Brexit from a vendor’s perspective: Leverate highlights brokers with automated risk management
As Britain’s public prepares to vote in just a day over two weeks’ time in the most poignant referendum in modern times, the outcome determining Britain’s membership of the European Union, FinanceFeeds has spoken to a number of FX brokerages with regard to how they will manage the pre and post referendum period with regard […]
As Britain’s public prepares to vote in just a day over two weeks’ time in the most poignant referendum in modern times, the outcome determining Britain’s membership of the European Union, FinanceFeeds has spoken to a number of FX brokerages with regard to how they will manage the pre and post referendum period with regard to potential volatility that may ensue with the EUR and GBP currency pairs.
Over 43 years have passed since Brtain was signed into membership of the EEC (European Economic Community) and thus far, no public referendum has ever taken place.
During the 1980s and 1990s, the wish to have a referendum by the British public became increasingly prominent, and on June 23, 2016, the electorate will decide Britain’s united or independent future.
Those who favor a British withdrawal from the European Union – commonly referred to as a Brexit, the acronym being a portmanteau of ‘Britain’ and ‘Exit’ argue that being a member undermines national Parliamentary sovereignty, while some in favor of membership argue that in a world with many levels of supranational organisations any theoretical loss of sovereignty is more than compensated by the benefits of membership of the EU.
Those who want to leave the EU argue that it would reduce pressure on public services, housing and jobs; save billions in EU membership fees; allow the UK to make its own trade deals; and free the UK from EU regulations and bureaucracy that they see as needless and costly.
Those who want to remain argue that leaving the EU would risk the UK’s prosperity; diminish its influence over world affairs; jeopardise national security by reducing access to common European criminal databases; and result in trade barriers between the UK and the EU. In particular, they argue that leaving the EU would lead to job losses, delays in investment coming to the UK and risks to large and small business.
Among those wishing to leave are certain high profile city executives, including CMC Markets founder and CEO Peter Cruddas, who donated £1 million to a campaign which advocates Britain’s exit from the EU.
FinanceFeeds has taken a close look at how retail FX brokerages are intending to navigate any volatility that may arise during the period before and immediately after the referendum, with many taking a wisely cautious line of raising margin requirements, and in some cases ensuring that traders have no open positions during the day of the referendum.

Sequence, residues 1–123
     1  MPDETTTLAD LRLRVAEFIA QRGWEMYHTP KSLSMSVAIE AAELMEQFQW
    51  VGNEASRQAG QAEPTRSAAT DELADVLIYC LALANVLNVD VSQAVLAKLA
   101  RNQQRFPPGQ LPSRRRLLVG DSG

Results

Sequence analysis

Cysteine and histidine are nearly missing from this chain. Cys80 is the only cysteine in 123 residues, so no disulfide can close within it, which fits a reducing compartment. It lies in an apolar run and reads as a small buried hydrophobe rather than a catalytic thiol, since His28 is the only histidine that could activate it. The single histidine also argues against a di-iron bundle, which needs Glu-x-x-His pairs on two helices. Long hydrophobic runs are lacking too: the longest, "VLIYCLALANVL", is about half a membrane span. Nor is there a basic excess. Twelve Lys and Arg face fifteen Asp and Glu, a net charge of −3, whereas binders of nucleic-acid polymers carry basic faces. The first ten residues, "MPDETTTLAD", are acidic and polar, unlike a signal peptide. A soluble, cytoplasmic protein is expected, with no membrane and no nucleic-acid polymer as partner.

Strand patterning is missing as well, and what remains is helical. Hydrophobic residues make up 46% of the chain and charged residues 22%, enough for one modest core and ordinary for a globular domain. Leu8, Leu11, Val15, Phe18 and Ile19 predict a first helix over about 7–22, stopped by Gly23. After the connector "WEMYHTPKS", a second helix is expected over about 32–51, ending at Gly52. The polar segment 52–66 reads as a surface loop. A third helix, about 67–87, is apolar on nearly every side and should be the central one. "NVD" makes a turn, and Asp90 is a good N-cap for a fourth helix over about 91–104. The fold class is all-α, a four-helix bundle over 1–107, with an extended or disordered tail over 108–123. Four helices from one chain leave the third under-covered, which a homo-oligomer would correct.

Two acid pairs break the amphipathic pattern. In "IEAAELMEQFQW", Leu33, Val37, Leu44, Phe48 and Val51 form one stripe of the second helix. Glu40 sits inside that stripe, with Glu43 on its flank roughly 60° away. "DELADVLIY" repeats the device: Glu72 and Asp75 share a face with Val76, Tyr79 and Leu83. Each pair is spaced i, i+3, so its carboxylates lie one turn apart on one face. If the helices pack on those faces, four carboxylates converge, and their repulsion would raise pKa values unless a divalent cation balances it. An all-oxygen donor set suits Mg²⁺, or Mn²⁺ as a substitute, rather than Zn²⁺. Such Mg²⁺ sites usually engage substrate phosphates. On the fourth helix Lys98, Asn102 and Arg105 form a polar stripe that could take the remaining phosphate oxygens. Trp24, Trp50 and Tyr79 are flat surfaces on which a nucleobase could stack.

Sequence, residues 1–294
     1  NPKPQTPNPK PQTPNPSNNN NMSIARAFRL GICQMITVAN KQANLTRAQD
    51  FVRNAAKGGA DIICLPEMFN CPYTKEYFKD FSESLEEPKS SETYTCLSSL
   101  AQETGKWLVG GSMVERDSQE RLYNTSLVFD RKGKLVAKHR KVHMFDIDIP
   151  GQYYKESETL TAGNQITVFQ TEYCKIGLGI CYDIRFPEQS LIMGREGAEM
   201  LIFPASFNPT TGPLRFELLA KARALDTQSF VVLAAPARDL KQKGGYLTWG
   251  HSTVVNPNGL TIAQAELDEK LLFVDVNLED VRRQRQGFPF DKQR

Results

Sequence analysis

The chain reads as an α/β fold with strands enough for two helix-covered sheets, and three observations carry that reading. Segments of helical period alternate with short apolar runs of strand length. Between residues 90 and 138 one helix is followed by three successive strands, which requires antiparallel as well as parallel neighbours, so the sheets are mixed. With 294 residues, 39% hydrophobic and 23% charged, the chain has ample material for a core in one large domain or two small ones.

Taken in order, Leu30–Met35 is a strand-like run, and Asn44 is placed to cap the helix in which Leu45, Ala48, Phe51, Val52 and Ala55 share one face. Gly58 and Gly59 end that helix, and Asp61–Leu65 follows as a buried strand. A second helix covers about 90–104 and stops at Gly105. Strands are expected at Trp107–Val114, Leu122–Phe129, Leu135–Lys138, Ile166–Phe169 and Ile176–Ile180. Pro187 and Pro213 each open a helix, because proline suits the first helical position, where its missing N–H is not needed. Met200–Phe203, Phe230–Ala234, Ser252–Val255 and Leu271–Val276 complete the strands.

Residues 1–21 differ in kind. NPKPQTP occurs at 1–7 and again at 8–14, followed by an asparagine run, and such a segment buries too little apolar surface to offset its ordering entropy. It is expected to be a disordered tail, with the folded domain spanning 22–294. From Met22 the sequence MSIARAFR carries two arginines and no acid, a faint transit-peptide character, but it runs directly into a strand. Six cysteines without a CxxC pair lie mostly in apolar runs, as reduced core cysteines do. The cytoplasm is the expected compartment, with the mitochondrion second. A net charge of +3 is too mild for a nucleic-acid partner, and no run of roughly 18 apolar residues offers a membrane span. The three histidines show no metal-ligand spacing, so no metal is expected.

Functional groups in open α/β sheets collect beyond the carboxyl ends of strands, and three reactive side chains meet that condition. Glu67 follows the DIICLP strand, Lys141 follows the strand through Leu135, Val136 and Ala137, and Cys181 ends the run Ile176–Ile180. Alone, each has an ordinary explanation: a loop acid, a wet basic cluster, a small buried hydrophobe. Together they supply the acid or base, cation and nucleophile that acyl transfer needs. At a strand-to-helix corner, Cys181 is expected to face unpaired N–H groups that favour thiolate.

It is potentially a period in which there may be a ‘black swan’ event because the outcome is yet unknown, and the reaction of businesses, governments and lawmakers, as well as central banks in Europe is unknown whether the outcome is that Britain stays in or leaves the EU.
Today, FinanceFeeds spoke to Nicc Lewis, VP Marketing at FX brokerage technology solutions provider Leverate, in order to gauge how Leverate will assist its customers, retail FX brokerages, during the period in the immediate advent and aftermath of the referendum.
Mr. Lewis explained “The Brexit been on our agenda for a while.”
“It is a case of making sure that risk management is at the very top of the agenda” continued Mr. Lewis. “Brokerages have learned time and time again from potential black swan events, therefore the best practice is to implement top quality risk management if a significant event is coming up.”
“We don’t see the referendum or its outcome as a big deal, however we have been training brokers how to react. For those running automated risk manangement systems like ours, it is important to look out for certain instruments, and to know how to put filters in place, as well as being able to look forward and see where should exposure be on certain currency pairs” – Nicc Lewis, VP Marketing, Leverate.
Leverage is a killer during potential black swan events
Mr. Lewis concurs with FinanceFeeds that high leverage is a very risky factor during geopolitical events that may cause market volatility.
“In any event, we believe tht brokers should have learned this long ago and therefore should not be offering such huge leverage ratios” he said.
In conclusion, Mr. Lewis said “No company in this industry should be waiting to see what hapens, but should have already learned, therefore a potential black swan isn’t a big thing. Companies should have a close eye on the business, they already know that the referendum on June 23 is on the calender, and therefore should have all the relevant risk management procedures in place, as well as a 24 hour time frame for human intervention if necessary.”